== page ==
The aromatic amino acid sensor GPR142 controls metabolism through balanced regulation of pancreatic and gut hormones

Olga Rudenko, Jin Shang, Alexander Munk, Jeppe P. Ekberg, Natalia Petersen, Maja S. Engelstoft, Kristoffer L. Egerod, Siv A. Hjorth, Margaret Wu, Yue Feng, Yun-Ping Zhou, Jacek Mokrosinski, Peter Thams, Frank Reimann, Fiona Gribble, Jens F. Rehfeld, Jens J. Holst, Jonas T. Treebak, Andrew D. Howard, Thue W. Schwartz

GPR142 is a G protein coupled receptor that is almost exclusively expressed in the islets of the pancreas. Our knowledge about its physiological role and pharmacological potential is very limited. Rudenko and colleagues discovered that GPR142 efficiently stimulates pancreatic glucagon secretion and found that the effect of GPR142 agonism on glucose disposal is a balance between insulin-mediated glucose uptake in fat and muscle and glucagon-mediated glucose production in the liver. Surprisingly, GPR142 agonism also increased energy expenditure and improved insulin sensitivity.

Objectives: GPR142, which is highly expressed in pancreatic islets, has recently been deorphanized as a receptor for aromatic amino acids; however, its physiological role and pharmacological potential is unclear.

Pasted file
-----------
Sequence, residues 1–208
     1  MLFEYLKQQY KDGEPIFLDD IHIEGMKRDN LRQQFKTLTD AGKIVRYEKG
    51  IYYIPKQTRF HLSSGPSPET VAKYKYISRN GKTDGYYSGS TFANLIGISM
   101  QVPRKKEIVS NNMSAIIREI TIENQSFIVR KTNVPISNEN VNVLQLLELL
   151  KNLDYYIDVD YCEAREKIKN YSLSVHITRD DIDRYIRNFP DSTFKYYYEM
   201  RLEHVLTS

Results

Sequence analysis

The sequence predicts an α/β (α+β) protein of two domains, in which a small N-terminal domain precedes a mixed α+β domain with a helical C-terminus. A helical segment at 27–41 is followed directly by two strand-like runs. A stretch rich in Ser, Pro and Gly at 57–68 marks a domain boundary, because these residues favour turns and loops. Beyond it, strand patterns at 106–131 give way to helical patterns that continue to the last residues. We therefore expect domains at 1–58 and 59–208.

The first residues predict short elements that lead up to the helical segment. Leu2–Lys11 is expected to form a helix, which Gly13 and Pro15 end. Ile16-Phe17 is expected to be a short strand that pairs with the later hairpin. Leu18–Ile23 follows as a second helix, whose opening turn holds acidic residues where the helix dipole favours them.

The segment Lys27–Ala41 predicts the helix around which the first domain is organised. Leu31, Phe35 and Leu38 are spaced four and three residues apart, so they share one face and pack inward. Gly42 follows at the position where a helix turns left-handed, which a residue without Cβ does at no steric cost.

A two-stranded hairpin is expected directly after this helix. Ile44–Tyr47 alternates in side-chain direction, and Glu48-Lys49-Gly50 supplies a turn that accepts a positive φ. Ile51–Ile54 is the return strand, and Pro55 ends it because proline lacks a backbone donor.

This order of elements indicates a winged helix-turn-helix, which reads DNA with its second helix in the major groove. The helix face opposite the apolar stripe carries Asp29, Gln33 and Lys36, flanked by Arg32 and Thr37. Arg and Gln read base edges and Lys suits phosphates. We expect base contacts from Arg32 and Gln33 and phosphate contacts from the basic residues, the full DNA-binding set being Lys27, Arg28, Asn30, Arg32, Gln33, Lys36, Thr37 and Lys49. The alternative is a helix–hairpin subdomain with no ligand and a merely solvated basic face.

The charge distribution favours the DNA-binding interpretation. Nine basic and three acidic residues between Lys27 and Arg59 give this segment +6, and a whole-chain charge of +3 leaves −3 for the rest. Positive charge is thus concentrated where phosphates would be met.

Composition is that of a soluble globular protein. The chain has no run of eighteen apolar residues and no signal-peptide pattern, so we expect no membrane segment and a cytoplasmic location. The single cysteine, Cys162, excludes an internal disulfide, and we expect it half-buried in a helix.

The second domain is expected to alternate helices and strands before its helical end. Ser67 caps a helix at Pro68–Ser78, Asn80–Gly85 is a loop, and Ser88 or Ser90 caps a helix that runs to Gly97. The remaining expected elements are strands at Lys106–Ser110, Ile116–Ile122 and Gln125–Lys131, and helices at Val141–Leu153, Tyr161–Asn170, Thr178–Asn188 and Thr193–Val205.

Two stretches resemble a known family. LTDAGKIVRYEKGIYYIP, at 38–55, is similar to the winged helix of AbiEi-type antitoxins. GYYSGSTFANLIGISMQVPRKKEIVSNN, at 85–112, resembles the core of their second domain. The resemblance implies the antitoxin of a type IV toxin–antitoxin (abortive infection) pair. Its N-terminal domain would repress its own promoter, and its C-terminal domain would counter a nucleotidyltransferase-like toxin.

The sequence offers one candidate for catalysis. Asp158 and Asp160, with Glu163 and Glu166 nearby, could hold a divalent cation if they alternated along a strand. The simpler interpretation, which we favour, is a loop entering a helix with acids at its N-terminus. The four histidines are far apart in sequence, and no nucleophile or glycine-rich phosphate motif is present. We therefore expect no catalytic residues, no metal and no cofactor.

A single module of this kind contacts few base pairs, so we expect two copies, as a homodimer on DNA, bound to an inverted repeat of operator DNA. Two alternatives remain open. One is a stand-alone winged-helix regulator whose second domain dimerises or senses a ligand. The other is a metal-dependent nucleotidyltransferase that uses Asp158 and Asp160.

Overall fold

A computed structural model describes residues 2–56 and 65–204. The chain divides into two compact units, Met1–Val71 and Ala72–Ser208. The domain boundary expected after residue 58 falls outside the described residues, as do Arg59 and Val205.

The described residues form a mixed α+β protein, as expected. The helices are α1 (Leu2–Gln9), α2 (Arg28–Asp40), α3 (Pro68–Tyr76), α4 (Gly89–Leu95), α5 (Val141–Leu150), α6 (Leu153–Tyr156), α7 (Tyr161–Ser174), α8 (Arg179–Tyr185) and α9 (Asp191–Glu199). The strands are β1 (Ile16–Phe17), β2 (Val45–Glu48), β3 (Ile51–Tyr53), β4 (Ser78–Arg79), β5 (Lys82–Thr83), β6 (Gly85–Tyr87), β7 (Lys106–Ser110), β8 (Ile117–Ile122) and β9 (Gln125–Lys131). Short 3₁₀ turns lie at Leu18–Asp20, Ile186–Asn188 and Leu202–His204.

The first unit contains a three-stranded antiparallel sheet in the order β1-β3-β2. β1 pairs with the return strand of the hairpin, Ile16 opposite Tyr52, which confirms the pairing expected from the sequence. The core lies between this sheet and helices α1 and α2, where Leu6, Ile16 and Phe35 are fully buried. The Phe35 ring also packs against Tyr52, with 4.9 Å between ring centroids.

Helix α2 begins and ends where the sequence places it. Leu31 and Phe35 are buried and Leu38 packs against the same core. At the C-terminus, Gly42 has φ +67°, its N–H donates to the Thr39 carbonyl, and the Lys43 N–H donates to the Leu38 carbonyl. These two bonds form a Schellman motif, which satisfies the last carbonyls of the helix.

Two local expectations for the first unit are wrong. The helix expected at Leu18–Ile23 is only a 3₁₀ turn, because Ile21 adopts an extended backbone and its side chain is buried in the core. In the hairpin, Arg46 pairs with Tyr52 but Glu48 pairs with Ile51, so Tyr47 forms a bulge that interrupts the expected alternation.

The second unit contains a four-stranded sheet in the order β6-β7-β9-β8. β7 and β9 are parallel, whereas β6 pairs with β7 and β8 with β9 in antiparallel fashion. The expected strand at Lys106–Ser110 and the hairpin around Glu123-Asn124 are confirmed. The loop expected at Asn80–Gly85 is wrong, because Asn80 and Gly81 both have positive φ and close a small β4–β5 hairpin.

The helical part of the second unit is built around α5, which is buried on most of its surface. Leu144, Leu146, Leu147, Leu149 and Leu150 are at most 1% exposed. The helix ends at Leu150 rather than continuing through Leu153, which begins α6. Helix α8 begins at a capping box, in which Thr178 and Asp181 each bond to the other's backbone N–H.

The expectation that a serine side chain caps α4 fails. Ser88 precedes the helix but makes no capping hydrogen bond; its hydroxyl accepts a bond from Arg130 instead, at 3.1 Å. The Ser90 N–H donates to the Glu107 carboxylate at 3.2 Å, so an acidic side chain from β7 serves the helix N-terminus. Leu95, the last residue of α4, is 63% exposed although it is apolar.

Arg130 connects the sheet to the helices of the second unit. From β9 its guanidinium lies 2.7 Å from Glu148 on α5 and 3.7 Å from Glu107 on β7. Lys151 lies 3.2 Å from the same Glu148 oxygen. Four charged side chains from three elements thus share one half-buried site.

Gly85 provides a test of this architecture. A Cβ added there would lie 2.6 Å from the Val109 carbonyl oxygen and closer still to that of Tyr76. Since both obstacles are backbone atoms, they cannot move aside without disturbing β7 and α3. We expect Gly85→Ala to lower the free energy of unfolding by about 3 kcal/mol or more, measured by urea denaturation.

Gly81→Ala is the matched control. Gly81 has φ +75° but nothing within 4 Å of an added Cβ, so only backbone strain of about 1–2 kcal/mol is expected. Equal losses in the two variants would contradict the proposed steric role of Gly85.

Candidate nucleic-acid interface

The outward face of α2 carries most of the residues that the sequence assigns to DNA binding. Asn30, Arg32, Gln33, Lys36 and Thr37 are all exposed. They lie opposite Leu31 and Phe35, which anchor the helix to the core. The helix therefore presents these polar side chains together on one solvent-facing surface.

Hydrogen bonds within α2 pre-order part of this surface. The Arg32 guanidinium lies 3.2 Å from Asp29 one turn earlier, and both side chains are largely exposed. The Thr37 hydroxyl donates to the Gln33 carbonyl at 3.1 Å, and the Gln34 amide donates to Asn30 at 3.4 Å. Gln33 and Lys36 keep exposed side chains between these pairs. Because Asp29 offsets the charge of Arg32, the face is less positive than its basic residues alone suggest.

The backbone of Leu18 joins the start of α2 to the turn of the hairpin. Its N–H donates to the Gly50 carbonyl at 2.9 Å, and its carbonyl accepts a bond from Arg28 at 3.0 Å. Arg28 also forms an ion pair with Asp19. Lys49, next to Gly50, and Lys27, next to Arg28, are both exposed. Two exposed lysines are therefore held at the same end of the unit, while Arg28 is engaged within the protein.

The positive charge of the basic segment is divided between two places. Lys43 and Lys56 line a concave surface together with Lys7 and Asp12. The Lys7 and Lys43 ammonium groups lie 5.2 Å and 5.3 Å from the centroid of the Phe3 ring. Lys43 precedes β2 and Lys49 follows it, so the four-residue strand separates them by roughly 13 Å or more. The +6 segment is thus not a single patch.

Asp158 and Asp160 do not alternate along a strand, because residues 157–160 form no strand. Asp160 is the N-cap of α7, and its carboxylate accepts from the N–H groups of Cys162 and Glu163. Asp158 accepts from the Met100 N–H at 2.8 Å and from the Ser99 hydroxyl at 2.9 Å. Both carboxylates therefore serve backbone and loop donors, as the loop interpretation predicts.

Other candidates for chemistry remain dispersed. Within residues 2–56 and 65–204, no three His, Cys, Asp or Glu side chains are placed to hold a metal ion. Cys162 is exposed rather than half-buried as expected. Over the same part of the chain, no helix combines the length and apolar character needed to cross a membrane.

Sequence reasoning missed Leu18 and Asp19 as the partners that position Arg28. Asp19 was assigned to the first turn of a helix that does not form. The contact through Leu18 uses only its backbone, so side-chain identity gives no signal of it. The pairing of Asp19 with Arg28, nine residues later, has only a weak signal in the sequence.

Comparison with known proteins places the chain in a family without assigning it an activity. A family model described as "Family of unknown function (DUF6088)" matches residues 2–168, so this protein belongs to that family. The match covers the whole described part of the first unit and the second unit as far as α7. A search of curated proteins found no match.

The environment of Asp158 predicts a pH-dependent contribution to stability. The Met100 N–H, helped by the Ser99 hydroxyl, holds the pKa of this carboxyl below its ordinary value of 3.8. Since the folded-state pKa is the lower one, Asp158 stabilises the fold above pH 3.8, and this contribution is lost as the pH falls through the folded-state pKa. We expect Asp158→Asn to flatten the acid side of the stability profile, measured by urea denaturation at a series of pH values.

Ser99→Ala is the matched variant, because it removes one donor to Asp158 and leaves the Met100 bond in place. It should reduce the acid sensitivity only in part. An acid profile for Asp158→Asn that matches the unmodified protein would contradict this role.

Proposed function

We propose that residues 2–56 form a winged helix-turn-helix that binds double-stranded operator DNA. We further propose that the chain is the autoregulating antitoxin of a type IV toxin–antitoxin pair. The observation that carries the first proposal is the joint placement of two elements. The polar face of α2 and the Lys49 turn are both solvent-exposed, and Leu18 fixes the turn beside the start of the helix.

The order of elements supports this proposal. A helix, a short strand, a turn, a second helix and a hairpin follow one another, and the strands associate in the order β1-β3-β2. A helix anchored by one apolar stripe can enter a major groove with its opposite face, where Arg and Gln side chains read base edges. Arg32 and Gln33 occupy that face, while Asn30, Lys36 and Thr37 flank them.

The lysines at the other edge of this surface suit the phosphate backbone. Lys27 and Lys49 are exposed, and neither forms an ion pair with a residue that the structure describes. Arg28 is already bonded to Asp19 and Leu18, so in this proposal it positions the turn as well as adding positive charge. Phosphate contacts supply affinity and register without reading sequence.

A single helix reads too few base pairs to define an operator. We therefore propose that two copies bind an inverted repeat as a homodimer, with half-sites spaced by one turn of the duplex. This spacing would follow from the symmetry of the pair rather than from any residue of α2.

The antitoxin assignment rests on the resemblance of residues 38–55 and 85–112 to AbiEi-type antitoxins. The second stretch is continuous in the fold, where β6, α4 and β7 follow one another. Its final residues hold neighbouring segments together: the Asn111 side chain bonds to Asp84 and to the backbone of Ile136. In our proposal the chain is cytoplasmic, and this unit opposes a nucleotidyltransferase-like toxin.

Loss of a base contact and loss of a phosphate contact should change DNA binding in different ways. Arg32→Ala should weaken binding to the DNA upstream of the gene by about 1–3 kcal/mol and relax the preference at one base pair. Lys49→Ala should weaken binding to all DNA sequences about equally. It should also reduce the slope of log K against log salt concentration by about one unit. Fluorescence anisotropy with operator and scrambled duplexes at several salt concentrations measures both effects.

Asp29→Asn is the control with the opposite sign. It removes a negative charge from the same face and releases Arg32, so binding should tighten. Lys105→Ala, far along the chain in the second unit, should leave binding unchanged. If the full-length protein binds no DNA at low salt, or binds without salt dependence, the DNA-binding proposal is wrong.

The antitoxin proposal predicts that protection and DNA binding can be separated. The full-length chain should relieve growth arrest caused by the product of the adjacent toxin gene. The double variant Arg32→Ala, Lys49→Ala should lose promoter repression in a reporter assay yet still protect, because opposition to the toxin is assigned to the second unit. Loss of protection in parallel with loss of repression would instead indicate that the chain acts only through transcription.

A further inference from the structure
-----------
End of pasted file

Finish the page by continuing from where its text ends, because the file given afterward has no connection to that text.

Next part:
Methods and results: We find that GPR142 is expressed not only in β- but also in α-cells of the islets as well as in enteroendocrine cells, and we confirm that GPR142 is a highly selective sensor of essential aromatic amino acids, in particular Trp and oligopeptides with N-terminal Trp. GPR142 knock-out mice displayed a very limited metabolic phenotype but demonstrated that L-Trp induced secretion of pancreatic and gut hormones is mediated through GPR142 but that the receptor is not required for protein-induced hormone secretion. A synthetic GPR142 agonist stimulated insulin and glucagon as well as GIP, CCK, and GLP-1 secretion. In particular, GIP secretion was sensitive to oral administration of the GPR142 agonist an effect which in contrast to the other hormones was blocked by protein load. Oral administration of the GPR142 agonist increased [3H]-2-deoxyglucose uptake in muscle and fat depots mediated through insulin action while it lowered liver glycogen conceivably mediated through glucagon, and, consequently, it did not lower total blood glucose. Nevertheless, acute administration of the GPR142 agonist strongly improved oral glucose tolerance in both lean and obese mice as well as Zucker fatty rat. Six weeks in-feed chronic treatment with the GPR142 agonist did not affect body weight in DIO mice, but increased energy expenditure and carbohydrate utilization, lowered basal glucose, and improved insulin sensitivity.

Conclusions: GPR142 functions as a sensor of aromatic amino acids, controlling GIP but also CCK and GLP-1 as well as insulin and glucagon in the pancreas. GPR142 agonists could have novel interesting potential in modifying metabolism through a balanced action of gut hormones as well as both insulin and glucagon.